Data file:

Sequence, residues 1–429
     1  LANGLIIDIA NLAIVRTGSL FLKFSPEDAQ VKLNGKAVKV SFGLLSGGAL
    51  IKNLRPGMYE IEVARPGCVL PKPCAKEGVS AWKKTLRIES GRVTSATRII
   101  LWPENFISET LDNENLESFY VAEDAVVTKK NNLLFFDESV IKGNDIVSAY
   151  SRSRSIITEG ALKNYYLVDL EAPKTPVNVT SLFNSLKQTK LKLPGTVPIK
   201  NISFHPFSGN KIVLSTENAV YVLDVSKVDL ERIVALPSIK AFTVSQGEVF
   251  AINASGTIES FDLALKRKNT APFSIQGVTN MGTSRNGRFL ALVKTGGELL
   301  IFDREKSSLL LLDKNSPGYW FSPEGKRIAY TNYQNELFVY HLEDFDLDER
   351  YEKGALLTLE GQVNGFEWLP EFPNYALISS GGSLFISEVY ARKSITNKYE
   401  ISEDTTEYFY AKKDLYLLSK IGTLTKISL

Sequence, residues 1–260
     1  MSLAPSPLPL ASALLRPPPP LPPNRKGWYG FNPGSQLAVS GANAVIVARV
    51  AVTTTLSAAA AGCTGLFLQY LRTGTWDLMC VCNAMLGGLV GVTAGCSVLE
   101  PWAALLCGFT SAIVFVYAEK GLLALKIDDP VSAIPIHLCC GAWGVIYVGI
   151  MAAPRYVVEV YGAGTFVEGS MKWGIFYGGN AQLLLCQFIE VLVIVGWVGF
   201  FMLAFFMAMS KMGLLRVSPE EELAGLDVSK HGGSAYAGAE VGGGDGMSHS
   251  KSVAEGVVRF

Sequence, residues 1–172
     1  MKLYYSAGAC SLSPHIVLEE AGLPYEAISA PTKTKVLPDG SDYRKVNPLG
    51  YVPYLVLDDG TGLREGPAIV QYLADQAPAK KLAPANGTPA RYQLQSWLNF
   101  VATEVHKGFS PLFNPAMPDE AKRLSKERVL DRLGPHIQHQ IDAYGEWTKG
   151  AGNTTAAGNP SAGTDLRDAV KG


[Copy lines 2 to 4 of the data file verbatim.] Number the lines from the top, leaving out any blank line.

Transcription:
     1  LANGLIIDIA NLAIVRTGSL FLKFSPEDAQ VKLNGKAVKV SFGLLSGGAL
    51  IKNLRPGMYE IEVARPGCVL PKPCAKEGVS AWKKTLRIES GRVTSATRII
   101  LWPENFISET LDNENLESFY VAEDAVVTKK NNLLFFDESV IKGNDIVSAY